Interview: Evita Legowo

How does the ministry stimulate investment, especially in more remote areas of the country?

EVITA LEGOWO: Investors searching for new opportunities in the oil and gas industry not only look at the hydrocarbons potential of the country, but also aspects such as regulatory stability and investment environment. The eastern part of Indonesia has been noted as a region with high potential reserves, but gaining access to these reserves entails high costs, high technology and high risk. For these reasons we are working on new initiatives to lessen the challenges and create a more attractive investment climate. Measures being taken include better splits in production-sharing contracts (PSCs) when the field has unfavourable conditions, and shortening the process of obtaining a licence in our country.

We have a very close relationship with the ministries of energy, finance, environment and forestry, which emphasises the importance of the oil and gas industry as one of the main contributors to government revenue. With current oil prices, and an investment goal of $15bn in 2011, we believe we should be able to maintain production of 1m barrels per day. Furthermore, in 2011 we signed agreements for 40 new conventional and unconventional blocks, and we are targeting the same number for 2012.

When it comes to the regulatory environment, some contractors have raised concerns about the cost recovery mechanism in PSCs. We are currently in the process of preparing more detailed regulations, which will clarify the Government Regulation 79/2010. Investors should understand that our goal is to make operations more straightforward for them. At the same time, our role is to not only to defend their interests, but also those of our nation.

What needs to been done to address concerns related to contract extension?

LEGOWO: Within the last few years the process of extending contracts has generally been a tedious one.

In order to ease the process and address the concerns of some of our current contractors, we are working together with individual contractors to analyse the investments required to develop each field that is nearing its expiry date.

Our decisions are based on the size of the field, the required technology and the investment necessary to continue operations. For example, we would like Pertamina, the state-owned oil extraction and refinery company, to have a bigger role in the industry and maintain a number of these fields. However, its participation in new fields is greatly narrowed by its limited investment capacity.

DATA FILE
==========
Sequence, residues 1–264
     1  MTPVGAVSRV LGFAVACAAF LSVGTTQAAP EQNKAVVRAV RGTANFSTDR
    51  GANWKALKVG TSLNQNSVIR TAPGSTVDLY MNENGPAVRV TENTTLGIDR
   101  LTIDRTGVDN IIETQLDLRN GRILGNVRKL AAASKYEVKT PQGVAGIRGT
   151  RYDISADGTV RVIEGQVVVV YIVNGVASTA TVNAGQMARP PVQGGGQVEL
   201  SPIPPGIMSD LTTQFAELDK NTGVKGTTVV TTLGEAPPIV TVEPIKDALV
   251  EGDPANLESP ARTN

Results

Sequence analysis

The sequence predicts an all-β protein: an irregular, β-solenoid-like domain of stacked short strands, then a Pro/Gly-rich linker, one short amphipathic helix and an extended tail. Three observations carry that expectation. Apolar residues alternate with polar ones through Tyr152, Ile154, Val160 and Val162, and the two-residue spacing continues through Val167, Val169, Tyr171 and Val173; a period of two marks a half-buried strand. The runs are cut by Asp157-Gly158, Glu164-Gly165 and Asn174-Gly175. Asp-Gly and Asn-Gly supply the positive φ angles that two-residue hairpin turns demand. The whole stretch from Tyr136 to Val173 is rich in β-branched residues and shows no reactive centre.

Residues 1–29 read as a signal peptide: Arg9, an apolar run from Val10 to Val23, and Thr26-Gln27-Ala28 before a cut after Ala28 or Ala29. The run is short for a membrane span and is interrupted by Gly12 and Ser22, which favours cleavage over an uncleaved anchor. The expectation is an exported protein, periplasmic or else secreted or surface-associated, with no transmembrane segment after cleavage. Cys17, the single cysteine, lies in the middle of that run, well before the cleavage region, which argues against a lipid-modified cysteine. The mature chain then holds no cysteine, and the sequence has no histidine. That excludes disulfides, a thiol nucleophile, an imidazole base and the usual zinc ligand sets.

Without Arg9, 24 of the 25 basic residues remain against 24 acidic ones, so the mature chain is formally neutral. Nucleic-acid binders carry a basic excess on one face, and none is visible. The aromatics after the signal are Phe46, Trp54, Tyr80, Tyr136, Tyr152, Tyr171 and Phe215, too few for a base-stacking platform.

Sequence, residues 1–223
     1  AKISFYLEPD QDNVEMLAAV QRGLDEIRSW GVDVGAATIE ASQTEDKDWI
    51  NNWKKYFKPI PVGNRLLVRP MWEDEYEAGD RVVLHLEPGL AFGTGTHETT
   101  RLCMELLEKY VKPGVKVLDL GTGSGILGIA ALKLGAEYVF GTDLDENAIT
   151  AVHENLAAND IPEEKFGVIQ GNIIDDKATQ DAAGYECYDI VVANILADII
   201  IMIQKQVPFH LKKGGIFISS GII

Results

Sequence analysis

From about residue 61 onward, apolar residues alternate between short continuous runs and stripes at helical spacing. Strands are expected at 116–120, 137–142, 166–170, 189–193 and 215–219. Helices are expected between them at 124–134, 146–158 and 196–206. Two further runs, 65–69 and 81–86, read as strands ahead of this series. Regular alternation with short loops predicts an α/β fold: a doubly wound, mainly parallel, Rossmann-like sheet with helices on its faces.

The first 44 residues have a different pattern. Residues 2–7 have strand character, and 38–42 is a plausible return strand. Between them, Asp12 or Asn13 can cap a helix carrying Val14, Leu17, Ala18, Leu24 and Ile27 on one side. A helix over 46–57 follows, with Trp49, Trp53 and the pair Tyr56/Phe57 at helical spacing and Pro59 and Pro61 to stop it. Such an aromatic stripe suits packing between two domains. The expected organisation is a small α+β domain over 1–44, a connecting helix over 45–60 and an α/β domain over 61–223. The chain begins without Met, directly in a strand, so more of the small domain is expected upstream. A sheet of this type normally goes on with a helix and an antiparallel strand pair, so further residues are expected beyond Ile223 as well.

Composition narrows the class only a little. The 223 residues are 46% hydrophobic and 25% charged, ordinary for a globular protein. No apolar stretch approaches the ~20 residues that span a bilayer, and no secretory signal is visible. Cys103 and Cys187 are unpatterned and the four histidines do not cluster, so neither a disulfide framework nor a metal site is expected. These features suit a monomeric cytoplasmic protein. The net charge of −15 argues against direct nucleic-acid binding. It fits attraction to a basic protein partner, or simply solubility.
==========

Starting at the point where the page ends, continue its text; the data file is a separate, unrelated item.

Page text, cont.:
How will increased levels of gas utilisation within the energy mix be achieved?

LEGOWO: Liquefied natural gas (LNG) is mostly produced in Kalimantan and Papua, but the bulk of consumption takes place in Java and Sumatra. As a result, the government plans to build three LNG storage terminals that are expected to be operational soon.

The one in Jakarta is expected to start operating in the first quarter of 2012, followed by the Aceh and Belawan terminals, which are scheduled to be operational during the second half of the year. The government also has plans for another LNG terminal in Semarang, Central Java, which is expected to start operations in 2013. Indonesia has huge potential reserves of natural gas from coal, also known as coalbed methane (CBM). We are hoping to reach a total production of CBM equivalent to 500m cu feet per day by 2020, and our intention is to take advantage of this new source of energy.

There are two options available; if the infrastructure required to sell the gas to the buyers is insufficient, CBM producers can choose to use the gas to generate and sell electricity directly to Perusahaan Listrik Negara (the state-owned electricity distributor), but if infrastructure is sufficient, they can choose to sell the CBM through a gas sales contract.